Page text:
"Like most things I begrudge, I needed a kick in the butt..."
Here is my gift to you: my most loving 'kick to the butt.'
Early in my undergraduate career, much to my chagrin, I began recording my voice lessons upon request of my teacher. Back then, I had a rather “dumb” phone, so I purchased a Zoom recorder and an SD card. I would walk into the lesson room, pop on the recorder, leave it on the desk, and turn it off at the conclusion of the lesson. I didn’t listen to many of the early recordings because I thought I sounded… strange. I was uncomfortable listening to myself sing, let alone talk!
Like most things I begrudge, I needed a kick in the butt, which I gave to myself. I fortified my resolve and started listening to the recordings, all of the recordings. It’s still awkward to listen to myself speak, but it’s much less so now than it was in the beginning. As with any sound (or song, or voice, or idea), it becomes familiar with time, and we become more comfortable with it. Here’s a New York Times article about why we hear our voices differently than everyone else (In other words: You hear the sound vibrations through your muscles and skull, which gives it different qualities!)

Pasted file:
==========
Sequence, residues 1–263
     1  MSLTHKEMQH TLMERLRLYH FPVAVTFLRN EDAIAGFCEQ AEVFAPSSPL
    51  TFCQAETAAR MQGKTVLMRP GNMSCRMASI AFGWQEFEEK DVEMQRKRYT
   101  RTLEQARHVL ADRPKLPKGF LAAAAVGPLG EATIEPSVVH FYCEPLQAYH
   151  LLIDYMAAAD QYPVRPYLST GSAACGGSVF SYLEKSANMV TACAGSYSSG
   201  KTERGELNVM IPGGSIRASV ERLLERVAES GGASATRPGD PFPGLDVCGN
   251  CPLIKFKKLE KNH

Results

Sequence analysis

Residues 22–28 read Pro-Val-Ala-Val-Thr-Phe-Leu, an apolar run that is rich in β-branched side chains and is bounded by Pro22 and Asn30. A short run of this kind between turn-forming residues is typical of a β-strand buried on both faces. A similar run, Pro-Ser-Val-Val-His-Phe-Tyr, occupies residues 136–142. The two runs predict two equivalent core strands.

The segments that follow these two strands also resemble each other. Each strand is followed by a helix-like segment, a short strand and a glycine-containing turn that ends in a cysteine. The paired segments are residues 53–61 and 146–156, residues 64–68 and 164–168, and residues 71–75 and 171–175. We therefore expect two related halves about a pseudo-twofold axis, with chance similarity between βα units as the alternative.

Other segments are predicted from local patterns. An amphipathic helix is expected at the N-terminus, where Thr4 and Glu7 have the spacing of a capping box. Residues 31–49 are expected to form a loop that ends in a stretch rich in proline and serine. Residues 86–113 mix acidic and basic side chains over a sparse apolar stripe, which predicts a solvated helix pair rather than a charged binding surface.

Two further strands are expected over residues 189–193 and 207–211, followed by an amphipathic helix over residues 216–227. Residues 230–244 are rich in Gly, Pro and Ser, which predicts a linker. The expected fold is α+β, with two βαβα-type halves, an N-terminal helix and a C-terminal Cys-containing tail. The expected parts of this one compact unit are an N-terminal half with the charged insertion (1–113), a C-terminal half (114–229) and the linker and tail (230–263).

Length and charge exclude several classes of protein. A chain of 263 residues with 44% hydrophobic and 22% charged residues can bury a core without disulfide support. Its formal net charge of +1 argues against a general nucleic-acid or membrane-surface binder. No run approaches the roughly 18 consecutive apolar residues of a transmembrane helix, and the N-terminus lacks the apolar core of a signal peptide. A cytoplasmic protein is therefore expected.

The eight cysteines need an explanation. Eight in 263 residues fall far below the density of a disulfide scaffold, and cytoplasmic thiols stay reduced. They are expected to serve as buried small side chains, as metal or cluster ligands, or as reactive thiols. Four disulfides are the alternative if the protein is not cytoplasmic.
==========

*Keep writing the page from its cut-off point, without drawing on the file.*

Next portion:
Once I got over the hurdle of awkward, I understood a few reasons why recording lessons (and this goes for any kind of rehearsal, too) is a MUST.
Now to the logistics of recording… It’s hard to find a non-smart phone these days, and because of this, I’m willing to bet that your cell phone has a “voice recorder” or “voice memo” app pre-installed. If you prefer to separate the recorder from your phone, then there are a number of accessible recorders ranging from $20 - $100 and beyond. I mentioned Zoom earlier–I’m a big fan. You can find an entry-level recorder of theirs around $100.
Whichever recording tool you prefer, start recording your lessons and reap the benefits.
We believe in combining technical and pedagogical expertise with a deep love of voice and singing. At The Voice Lab in Chicago, our teachers bring a diverse singing and voice care background ranging from operatic to pop, language studies, songwriting, and voice science research.